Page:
HEAVEN IN US
“I’m not afraid to die,” I confessed to my friend the other day. “I’m afraid of missing out. I don’t want to miss my kids’ lives. I want to be at everything. I want to see them grow up and get married. I want to be part of it all. I want to be close.”
After all, isn’t that what we all want? Don’t we all just long for community, and don’t we fear death because it takes that very thing away from us?
It makes me wonder…What then is heaven? Could it simply be communion with God and each other? Isn’t that what we most desire?
If you asked such a question of Gregory of Nyssa, a pastor who lived in a place called Cappadocia in the 300s, he would have said, “Yes. That’s exactly what heaven is. It’s communion with God.” Last week, we talked about how we normally think of heaven as a place where we go — a place of golden streets and glass houses. For Gregory, however, heaven and eternal life has a whole lot more to do with God being “in us” than the “location” of what we would tend to call heaven
“Sometimes we find ourselves in such close communion with God,” he says, “that it defies any attempt at explanation. And this God, who’s beyond our comprehension, is so profoundly entrenched in our nature that we can actually be transformed in accordance with the original image, so that we seem to be new persons because of the absolute likeness. Because, whatever we think now about God, all of it was – once upon a time – inside people.”
By “once upon a time,” he means back in the Garden of Eden with Adam and Eve. Like Maximus the Confessor, whom we met last week, Gregory believed that Jesus was the beginning, middle, and end of all things. For him, to be in heaven is to be in close communion with Jesus. It’s something we lost in the Garden of Eden when human beings first walked with God, and it’s something we stand to gain in the future when, as Revelation 21 says, heaven comes down to earth. My friends over on the Mysterion podcast call it “a condition of the soul.” Heaven is less a place we visit than a state of being in true communion with God.
If that sounds strange to us, it shouldn’t. The idea is all over the Bible. Being with God is the goal of absolutely everything.
Just consider the nature of Solomon’s Temple. There were three major sections to the Temple: the porch (or vestibule), the Holy Place, and the Holy of Holies. The Holy of Holies was considered the location of God’s glorious presence. It was a perfect square box gilded with gold, and it was protected. If you were an Israelite, you could enter into the porch, but only the priests could go into the Holy Place. And only the high priest could go into the Holy of Holies — and then only once a year after doing all these rituals to make sure he was personally holy enough to do so.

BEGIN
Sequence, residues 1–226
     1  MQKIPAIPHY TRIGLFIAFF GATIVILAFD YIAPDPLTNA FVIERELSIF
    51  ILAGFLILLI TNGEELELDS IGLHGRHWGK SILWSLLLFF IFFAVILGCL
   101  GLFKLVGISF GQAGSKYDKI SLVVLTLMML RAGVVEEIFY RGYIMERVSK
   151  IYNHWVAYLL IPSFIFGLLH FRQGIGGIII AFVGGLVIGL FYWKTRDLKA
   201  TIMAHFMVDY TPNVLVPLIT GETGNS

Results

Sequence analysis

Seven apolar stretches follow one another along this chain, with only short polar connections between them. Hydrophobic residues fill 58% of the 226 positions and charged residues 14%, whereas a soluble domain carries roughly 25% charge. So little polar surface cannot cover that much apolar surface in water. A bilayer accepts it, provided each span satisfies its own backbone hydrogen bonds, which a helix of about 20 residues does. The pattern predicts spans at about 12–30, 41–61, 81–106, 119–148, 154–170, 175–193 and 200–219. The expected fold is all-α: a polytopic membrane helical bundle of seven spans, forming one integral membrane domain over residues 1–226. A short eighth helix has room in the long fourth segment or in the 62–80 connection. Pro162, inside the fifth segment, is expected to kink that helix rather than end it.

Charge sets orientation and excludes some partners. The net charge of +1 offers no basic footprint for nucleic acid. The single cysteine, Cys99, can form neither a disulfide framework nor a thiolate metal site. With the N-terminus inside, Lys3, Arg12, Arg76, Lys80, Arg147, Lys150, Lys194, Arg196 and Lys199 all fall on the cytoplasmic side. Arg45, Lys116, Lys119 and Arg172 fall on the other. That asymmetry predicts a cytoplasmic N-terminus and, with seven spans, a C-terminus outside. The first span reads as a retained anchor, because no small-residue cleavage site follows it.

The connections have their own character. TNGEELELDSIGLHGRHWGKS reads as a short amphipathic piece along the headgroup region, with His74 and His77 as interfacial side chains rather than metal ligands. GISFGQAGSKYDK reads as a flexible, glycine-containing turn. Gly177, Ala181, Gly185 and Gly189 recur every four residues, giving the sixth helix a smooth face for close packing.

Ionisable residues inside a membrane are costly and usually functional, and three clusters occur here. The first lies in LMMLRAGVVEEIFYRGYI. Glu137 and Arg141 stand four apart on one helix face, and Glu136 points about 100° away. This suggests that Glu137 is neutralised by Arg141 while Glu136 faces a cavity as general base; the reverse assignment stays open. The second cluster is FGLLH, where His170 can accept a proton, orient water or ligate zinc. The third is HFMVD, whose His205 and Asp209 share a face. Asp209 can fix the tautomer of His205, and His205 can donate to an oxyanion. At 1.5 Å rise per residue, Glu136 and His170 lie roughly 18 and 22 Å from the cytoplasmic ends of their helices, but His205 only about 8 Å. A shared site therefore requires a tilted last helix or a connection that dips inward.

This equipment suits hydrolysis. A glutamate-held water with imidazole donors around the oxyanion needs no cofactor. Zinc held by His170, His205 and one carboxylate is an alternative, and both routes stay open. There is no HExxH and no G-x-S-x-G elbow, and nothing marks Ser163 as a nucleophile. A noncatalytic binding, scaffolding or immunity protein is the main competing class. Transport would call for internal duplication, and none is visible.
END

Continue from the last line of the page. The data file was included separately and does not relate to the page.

Now take a good look at how John in Revelation 21 describes the holy city, our reward at the end of time. It’s a perfect square gilded with gold! It’s a mirror image of the Holy of Holies! “He carried me away to a great, high mountain and showed me the holy city Jerusalem coming down out of heaven from God. It has the glory of God and a radiance like a very rare jewel, like jasper, clear as crystal…The city lies foursquare…its length and width and height are equal…The wall is built of jasper, while the city is pure gold, clear as glass.” What is heaven’s reward? It’s being as close to God as we can be.
And that’s not the only place in scripture where we see this idea that heaven is essentially communion with God. Remember that moment Jesus dies on the cross? Matthew tells us the curtain that separated the Holy Place from the Holy of Holies was ripped in two the very moment he died. God’s presence was now spread everywhere. Through Jesus’ life, death, and resurrection, God was made available to us in a way we could never have known before. No wonder people started rising from the dead. They were experiencing God’s glory. They were brought into such close communion with God that God’s own life simply couldn’t help itself. Jesus, it seems, literally brought heaven on earth.
The Apostle Paul describes being in this close proximity to God as having Christ in us, and he holds the image up as our very “hope of glory” (Col 1:27-28). In other words, this is our good news! This is heaven! This is eternal life! Jesus lives in us, and we can have a deep relationship with him!
The problem is many of us struggle to do just that. If Christ is in us, how do we get there? How do we commune with the presence of Christ in us today? The answer, we’re told by the earliest Christians, is to live holy lives and to pray. When we live a holy life undistracted by the things of the world — things like anger, jealousy, busyness, greed, and lust — we are better able to settle down and focus on our inner life. Through scripture, study, and prayer, we open ourselves up to God. In fact, the real heart of prayer, as my friends over at Mysterion point out so well, is not asking things of God, but entering into that Holy of Holies (Jesus!) that is now deep in our hearts. It’s drawing close to the heaven in us.
Now, how do we do that? Over the next few weeks, we’re going to find out.
For much more on what we talked about today, I encourage you to check out Episode 5, “Nobody ‘Goes’ to Heaven,” of the podcast, Mysterion, by Wes Arblaster and Ethan Smith.